Social Determinants of Health and Adverse Health Outcomes in an Urban Community Hospital in Northwest Indiana


  • Emma Love Indiana University School of Medicine- Northwest
  • Sydnye Nosbusch Indiana University School of Medicine- Northwest
  • Elizabeth Ryan Indiana University School of Medicine- Northwest
  • Jonathan Guerrero, PharmD Indiana University School of Medicine- Northwest
  • Baraka Muvuka, PhD Indiana University School of Medicine- Northwest



Background: Social determinants of health (SDOH) are underlying contributing factors ofhealth inequities. Facility-based SDOH screenings inform targeted care, community resource referrals, and actions. St. Mary Medical Center (SMMC), an urban hospital in Northwest Indiana, was first acute care hospital in the state to pilot comprehensive SDOH screenings and referrals using the Protocol for Responding to and Assessing Patients’ Assets, Risks, and Experiences(PRAPARE), a nationally recognized and validated tool. This study is part of a three-phased Community Based Participatory Research (CBPR) partnership between SMMC and IUSM-NWto examine and address SDOH from January 2021-January 2025. This study’s research questions are: What is the distribution of adverse health outcomes by demographics and by SDOH in SMMC’s inpatients?

Methods: This descriptive study analyzed a limited dataset generated from EPIC™ by SMMC. It included demographics, behavioral, health outcomes, and SDOH measures for adult inpatient visits from January 2021 to June 2022. Data analysis was conducted in SPSS 28.0 usingdescriptive statistics and tests of association (p<0.05) including One-way ANOVA, Kruskal Wallis H, Chi-square, and Fisher’s Exact. This study was exempted by Indiana UniversityHuman Research Protection Program (IRB #14040).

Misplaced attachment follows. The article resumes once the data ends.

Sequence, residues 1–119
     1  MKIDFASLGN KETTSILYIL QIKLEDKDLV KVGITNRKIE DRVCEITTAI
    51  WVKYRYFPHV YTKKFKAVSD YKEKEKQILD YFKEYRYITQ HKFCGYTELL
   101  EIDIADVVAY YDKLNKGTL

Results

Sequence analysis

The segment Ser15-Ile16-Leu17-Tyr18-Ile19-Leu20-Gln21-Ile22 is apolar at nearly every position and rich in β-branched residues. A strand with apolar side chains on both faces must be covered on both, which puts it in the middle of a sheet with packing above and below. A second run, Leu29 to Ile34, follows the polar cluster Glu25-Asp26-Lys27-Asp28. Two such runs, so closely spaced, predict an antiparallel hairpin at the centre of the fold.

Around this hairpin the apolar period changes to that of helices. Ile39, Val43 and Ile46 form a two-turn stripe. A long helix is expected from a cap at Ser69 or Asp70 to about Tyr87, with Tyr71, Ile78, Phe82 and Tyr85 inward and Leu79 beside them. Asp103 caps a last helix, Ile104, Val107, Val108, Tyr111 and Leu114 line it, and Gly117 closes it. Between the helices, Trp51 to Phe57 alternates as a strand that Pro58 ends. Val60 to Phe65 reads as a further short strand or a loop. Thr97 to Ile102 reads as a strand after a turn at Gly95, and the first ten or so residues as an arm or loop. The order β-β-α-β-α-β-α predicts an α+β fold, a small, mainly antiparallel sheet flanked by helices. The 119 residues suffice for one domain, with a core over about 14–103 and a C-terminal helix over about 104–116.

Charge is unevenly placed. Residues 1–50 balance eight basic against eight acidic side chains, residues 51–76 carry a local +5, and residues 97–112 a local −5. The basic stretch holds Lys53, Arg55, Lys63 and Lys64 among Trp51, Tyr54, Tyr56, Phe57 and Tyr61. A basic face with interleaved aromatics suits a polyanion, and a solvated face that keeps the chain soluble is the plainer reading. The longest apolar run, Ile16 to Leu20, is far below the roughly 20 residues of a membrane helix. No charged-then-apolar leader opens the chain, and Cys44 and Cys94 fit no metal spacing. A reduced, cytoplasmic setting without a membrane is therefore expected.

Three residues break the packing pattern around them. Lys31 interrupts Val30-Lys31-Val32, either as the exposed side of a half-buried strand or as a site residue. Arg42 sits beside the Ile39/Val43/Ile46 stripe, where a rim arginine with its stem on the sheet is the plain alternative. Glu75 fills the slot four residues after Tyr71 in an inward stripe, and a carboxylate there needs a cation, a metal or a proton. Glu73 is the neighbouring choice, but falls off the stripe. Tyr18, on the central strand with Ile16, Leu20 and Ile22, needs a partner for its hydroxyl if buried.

Results: The sample comprised 4370 patients, majority non-Hispanic (90.4%), White (75.7%), older adults (median age 65, IQR = 24), and publicly insured (76.3%). 30-day readmissions accounted for 9.1%. The top three discharge diagnoses were diseases of the circulatory system (20%), digestive system (12.4%), and injury (7.5%). Discharge diagnoses differed significantly (p<.001) by family income, insurance type, stress presence, race, ethnicity, and sex. 30-day readmission was significantly associated with housing risk (p=.036) and insurance type (p<.001).

Conclusions: This study underscores the role of SDOH in influencing health outcomes and the importance of continuous SDOH screenings. This study will inform subsequent advanced analysis, the program evaluation, and the translation-to-action phase of the CBPR project.